Vitamin B12 status: are genetics a driving factor?

Science Spotlight

Vitamin B12 status: are genetics a driving factor?

From the Reiner Group, Public Health Sciences Division

June 18, 2018

Vitamin B12 is an essential water-soluble vitamin that functions as a required cofactor in two enzymatic reactions. The vitamin B12-dependent enzymes are involved in energy metabolism and DNA synthesis, among other functions, and deficiency of this vitamin can lead to anemia and neurological dysfunction. In the United States, the prevalence of vitamin B12 deficiency is less than 5% in young and middle-aged adults but is between 5 and 10% in the elderly population. However, marginal vitamin B12 status is more common, with an estimated 20% of individuals 60 years and older affected. In addition to age, vitamin B12 status also differs by race/ethnicity, and African Americans have higher circulating levels of B12 compared to Caucasians.

Limited consumption of vitamin B12-containing foods and poor intestinal absorption are major contributors to low plasma levels while recent evidence from genome-wide association studies (GWAS) suggests that genetic factors also contribute to circulating levels of this vitamin. Researchers from Dr. Alex Reiner’s group in the Public Health Sciences Division recently published a paper in the journal Blood that reports results from a GWAS of genetic variants associated with vitamin B12 status in African Americans. The focus on this population was a novel aspect, as none of the previous GWAS of Vitamin B12 status have been performed in populations of African descent.

The authors utilized data from the Jackson Heart Study, a longitudinal epidemiological study of factors associated with cardiovascular disease specifically in African Americans. Dr. Reiner described their study design, “In the current study, we utilized a whole genome sequencing approach and a large African American cohort study from Jackson Mississippi through the National Heart, Lung and Blood Institute (NHLBI) Trans-Omics for Precision Medicine (TOPMed) Program to assess genetic determinants of vitamin B12 in a community-based sample of African Americans.” The analyses included plasma vitamin B12 concentration and over twenty-nine million genetic variants from 1,280 participants.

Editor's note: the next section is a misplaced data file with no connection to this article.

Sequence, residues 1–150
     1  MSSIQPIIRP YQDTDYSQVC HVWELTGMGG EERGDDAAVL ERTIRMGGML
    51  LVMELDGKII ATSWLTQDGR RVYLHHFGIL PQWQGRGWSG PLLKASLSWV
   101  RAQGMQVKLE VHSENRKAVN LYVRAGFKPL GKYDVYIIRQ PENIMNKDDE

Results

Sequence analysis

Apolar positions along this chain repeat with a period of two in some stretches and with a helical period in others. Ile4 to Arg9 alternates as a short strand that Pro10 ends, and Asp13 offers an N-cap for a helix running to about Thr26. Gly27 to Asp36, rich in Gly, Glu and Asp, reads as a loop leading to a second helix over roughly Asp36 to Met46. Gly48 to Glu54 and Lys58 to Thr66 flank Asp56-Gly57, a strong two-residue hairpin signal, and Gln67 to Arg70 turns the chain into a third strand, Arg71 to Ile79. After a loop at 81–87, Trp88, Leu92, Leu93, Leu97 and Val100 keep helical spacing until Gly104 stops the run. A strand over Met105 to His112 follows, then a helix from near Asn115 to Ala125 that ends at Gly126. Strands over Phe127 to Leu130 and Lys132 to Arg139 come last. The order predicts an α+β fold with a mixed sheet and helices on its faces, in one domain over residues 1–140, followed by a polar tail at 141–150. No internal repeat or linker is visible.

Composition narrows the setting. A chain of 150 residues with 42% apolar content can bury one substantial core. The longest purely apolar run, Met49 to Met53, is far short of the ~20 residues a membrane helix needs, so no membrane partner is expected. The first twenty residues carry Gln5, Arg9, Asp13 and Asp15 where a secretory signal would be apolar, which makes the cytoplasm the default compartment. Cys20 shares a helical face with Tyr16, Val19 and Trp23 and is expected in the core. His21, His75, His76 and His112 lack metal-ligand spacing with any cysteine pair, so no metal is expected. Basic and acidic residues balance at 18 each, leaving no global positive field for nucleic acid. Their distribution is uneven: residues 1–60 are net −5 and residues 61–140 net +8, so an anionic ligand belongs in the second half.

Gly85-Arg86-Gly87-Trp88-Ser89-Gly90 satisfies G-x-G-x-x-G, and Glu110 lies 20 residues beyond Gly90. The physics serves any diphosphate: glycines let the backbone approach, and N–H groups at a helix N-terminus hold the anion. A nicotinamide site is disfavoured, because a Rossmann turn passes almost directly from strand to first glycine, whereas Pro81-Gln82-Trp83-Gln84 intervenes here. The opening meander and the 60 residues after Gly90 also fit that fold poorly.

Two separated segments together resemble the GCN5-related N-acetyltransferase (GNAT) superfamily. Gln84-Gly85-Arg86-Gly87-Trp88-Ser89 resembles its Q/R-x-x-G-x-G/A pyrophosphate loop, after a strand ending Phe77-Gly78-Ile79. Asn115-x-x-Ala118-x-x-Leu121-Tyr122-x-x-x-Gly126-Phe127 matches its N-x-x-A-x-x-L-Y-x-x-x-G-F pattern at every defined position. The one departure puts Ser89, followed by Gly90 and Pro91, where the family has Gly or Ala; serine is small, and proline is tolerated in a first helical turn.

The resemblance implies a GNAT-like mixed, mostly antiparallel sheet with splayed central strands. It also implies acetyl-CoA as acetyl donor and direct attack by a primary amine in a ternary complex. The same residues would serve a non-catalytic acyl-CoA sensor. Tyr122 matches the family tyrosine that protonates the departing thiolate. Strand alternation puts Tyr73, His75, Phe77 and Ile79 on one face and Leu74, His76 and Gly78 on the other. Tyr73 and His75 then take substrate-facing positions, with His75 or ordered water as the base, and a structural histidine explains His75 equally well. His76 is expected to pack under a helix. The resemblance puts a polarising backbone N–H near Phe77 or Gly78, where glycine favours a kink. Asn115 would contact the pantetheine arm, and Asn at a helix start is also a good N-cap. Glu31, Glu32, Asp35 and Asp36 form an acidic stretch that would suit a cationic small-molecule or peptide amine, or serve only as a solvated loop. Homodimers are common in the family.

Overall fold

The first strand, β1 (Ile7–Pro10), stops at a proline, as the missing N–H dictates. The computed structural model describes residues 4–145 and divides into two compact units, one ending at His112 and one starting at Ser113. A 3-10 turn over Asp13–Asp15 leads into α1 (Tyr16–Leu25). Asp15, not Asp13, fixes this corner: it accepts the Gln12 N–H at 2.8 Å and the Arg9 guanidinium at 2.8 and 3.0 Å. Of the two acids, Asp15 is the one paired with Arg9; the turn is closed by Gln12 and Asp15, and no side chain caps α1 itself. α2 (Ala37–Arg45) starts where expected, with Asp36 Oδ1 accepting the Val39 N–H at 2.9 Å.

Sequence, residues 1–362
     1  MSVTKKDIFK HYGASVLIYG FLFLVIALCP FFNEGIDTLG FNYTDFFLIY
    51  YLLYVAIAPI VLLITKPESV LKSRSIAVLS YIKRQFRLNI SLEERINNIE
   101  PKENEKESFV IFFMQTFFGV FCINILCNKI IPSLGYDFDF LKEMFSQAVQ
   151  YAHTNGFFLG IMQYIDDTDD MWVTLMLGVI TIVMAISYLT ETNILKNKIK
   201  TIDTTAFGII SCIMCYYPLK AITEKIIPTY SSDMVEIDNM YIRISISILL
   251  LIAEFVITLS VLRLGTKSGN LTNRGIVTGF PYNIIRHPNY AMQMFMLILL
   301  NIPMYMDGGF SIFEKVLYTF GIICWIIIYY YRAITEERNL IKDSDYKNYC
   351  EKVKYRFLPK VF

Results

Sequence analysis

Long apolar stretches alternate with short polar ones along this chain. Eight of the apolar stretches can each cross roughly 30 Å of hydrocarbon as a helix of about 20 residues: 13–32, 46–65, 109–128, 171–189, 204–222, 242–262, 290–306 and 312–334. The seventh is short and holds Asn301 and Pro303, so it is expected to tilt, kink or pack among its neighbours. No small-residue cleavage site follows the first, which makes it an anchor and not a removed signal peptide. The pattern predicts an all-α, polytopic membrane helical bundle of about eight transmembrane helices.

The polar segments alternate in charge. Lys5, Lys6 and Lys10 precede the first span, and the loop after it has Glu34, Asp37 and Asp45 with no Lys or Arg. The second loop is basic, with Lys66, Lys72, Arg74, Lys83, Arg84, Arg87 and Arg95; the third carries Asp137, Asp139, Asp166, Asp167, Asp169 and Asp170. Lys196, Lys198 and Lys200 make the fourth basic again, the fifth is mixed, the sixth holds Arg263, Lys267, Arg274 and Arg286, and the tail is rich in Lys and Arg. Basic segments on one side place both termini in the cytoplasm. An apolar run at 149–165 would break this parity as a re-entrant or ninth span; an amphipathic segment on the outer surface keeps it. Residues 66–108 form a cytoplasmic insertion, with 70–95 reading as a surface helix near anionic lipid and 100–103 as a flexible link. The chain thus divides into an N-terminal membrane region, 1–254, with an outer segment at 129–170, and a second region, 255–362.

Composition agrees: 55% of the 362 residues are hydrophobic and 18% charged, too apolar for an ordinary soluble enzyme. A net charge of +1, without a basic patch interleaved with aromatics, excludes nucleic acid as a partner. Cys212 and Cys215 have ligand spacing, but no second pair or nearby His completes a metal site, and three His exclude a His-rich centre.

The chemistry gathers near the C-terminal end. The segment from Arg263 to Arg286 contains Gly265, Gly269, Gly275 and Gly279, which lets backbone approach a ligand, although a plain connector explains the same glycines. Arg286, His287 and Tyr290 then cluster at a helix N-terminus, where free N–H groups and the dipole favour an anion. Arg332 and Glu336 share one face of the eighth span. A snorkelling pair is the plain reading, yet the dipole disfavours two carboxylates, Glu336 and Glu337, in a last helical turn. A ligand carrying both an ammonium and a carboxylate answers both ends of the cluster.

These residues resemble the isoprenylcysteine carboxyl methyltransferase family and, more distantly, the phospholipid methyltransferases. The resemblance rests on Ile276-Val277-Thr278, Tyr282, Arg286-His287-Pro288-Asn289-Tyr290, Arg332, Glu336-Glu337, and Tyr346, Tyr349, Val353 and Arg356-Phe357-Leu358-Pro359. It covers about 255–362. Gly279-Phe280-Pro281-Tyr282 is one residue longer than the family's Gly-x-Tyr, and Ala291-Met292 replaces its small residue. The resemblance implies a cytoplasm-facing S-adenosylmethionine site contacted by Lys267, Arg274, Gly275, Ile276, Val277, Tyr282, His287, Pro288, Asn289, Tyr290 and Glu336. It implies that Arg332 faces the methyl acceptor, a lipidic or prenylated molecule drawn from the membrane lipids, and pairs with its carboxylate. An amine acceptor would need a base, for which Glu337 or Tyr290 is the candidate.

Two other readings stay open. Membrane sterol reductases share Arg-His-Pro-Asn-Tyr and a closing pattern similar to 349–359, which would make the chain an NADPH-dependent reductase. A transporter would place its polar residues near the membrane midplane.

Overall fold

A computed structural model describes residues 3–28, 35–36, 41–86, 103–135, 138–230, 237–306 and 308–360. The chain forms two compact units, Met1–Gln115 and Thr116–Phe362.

Graphical representation of genetic variants associated with plasma vitamin B12 concentration in African Americans.

Genetic variants of TCN1 (top) and FUT2 (bottom) are significantly associated with plasma vitamin B12 concentration in African Americans. The color dots represent association P-values for genetic variants with vitamin B12 status.

Image provided by Yao Hu

After adjusting for participant age, sex, and genetic ancestry, the authors found significant associations between vitamin B12 levels and thirty-three genetic variants located within two genomic regions (see Figure). One of newly discovered variants was associated with lower levels of circulating vitamin B12 in the study cohort, as explained by Dr. Reiner, “We identified a loss-of-function variant of the transcobalamin B12 transporter gene, TCN1. The TCN1 mutation is prevalent among African descent populations, but not among Europeans.” The impact of this variant on relevant health outcomes that can be altered with low vitamin B12 status, such as certain red blood cell indices and circulating levels of homocysteine, were also explored by the authors. “In a subsequent analysis of two large U.S. electronic health record data sets, we were unable to identify any significant clinical sequelae of African Americans carrying this particular TCN1 mutation, apart from having lower B12 levels,” said Dr. Reiner.

Other significantly associated variants were located within the region of FUT2, a gene that encodes the glycosylation enzyme fucosyltransferase 2 (see Figure). The most highly significant FUT2 variant identified in the current study is specific to African Americans while one of the other FUT2 variants has previously been shown to be associated with vitamin B12 status in Caucasians and Indians.

Taken together with previous work, the results from this study demonstrate that genetic heterogeneity contributes to differences in vitamin B12 status among different races and ethnic groups. These results also suggest that “carrying this particular genetic variant may be benign, and therefore important to exclude from other forms of vitamin B12 deficiency,” noted Dr. Reiner.


This research was supported by the National Heart, Lung, and Blood Institute and the National Institutes of Health.

Hu Y, Raffield LM, Polfus LM, Moscati A, Nadkarni G, Preuss MH, Zhong X, Wei Q, Rich SS, Li Y, Wilson JG, Correa A, Loos RJF, Li B, Auer PL, Reiner AP. 2018. A common TCN1 loss-of-function variant is associated with lower vitamin B12 concentration in African Americans. Blood. doi:10.1182/blood-2018-03-841023.